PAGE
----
• There are but the devices do not infringe
      • There are, Samsung changes the design, might have to pay back royalties but the effects will be limited as Seagate don't have SSD products in the marketplace
      • There are, design can't be changed, they do a deal
      • There are, design can't be changed, Samsung IP lawyers dig up some stuff Seagate is violating somewhere, they do a deal
      • South Korean company buys Seagate

      For Seagate, the issue is to a certain extent

    • Why is this moderated Interesting? It sounds like a complete troll. Software-related patent issue? Maybe. The article is quite vague as to what patents Seagate thinks is being infringed upon (ignoring the fact that the CEO never specifically states that they will sue if SSDs get popular, the article "reasons" that out.) The statement about "communication between the storage device and the computer" is also made by the article, in relation to what patents Seagate (and WDC) have, never specifying whether this
  • Arthur Clarke, in his last interview with IEEE Spectrum [ieee.org] - "I'm often asked why I didn't try to patent the idea of communications satellites. My answer is always, 'A patent is really a license to be sued.' "
  • Make love, not war (Score:5, Interesting)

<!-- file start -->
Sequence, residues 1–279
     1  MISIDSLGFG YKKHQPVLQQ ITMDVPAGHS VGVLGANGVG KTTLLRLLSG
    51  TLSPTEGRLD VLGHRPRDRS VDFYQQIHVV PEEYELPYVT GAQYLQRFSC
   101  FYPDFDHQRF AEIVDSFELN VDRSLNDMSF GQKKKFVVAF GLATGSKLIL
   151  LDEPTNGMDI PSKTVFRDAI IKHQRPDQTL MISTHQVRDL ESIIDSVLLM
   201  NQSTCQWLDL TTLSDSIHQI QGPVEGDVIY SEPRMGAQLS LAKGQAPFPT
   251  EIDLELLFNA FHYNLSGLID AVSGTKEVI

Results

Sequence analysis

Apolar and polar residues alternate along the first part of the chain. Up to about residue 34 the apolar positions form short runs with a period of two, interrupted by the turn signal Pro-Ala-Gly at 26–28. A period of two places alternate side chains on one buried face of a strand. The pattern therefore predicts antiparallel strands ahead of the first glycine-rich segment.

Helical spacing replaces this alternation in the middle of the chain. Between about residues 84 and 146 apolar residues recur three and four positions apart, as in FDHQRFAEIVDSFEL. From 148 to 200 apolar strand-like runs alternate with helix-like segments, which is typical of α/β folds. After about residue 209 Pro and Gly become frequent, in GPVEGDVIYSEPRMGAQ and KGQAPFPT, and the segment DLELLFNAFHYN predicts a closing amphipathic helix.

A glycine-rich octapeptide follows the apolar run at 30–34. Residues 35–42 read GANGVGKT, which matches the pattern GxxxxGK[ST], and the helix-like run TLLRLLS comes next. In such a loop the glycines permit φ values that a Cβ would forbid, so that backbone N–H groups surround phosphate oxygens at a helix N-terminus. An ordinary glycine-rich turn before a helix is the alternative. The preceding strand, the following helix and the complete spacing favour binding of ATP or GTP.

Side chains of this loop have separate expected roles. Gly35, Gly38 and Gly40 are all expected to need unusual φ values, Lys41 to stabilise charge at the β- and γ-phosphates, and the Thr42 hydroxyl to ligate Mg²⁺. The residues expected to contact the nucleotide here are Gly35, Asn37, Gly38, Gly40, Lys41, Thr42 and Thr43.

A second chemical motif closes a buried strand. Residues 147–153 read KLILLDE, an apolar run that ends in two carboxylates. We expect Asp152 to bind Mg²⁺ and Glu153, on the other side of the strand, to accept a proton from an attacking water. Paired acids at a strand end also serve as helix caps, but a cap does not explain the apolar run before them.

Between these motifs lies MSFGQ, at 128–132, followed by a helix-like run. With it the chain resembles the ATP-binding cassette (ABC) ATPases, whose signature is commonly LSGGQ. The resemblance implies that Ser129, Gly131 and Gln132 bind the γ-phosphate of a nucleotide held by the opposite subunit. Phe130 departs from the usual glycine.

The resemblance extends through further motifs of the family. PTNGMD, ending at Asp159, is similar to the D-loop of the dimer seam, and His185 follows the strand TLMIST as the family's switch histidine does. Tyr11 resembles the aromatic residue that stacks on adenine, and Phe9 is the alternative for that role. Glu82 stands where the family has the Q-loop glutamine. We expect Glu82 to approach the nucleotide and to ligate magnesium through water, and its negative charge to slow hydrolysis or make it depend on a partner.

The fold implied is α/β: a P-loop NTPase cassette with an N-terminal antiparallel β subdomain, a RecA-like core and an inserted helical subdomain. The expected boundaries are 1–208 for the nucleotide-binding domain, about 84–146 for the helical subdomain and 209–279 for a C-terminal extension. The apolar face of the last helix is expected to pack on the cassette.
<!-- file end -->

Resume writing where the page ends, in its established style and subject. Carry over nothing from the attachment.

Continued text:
by truthsearch (249536) on Monday March 24, 2008 @10:24AM (#22845270) Homepage Journal
    It would probably be more profitable, and better for PR, if Seagate held private meetings with the other manufacturers to discuss patents and licensing terms. Explaining the issue and offering reasonable terms would bring them serious cash. Weak threats in a public forum seems a lot less productive, unless of course they don't actually have any patents to stand on.
    • Re: (Score:2, Funny)

      by blakbeard0 (1246212)
      We are currently leveraging the value-added services of our core-competencies to fast track our performance indicators and beat the benchmark in this new paradigm. Our developers are thinking outside the box, so we can see the big picture. It's a win-win. -Seagate PR representative.
    • by superwiz (655733)
      But then how would they advertise on slashdot that they still exist?
  • by MikeRT (947531) on Monday March 24, 2008 @10:25AM (#22845284) Homepage
    You will probably never see a major corporation admit that patents are largely become just a form of rent-seeking than this.
  • Well, if they believe people are infringing on their patents now they need to sue now, otherwise later when they decide it's worth suing for, they might get reminded that if they didn't defend their position early on, it's all over.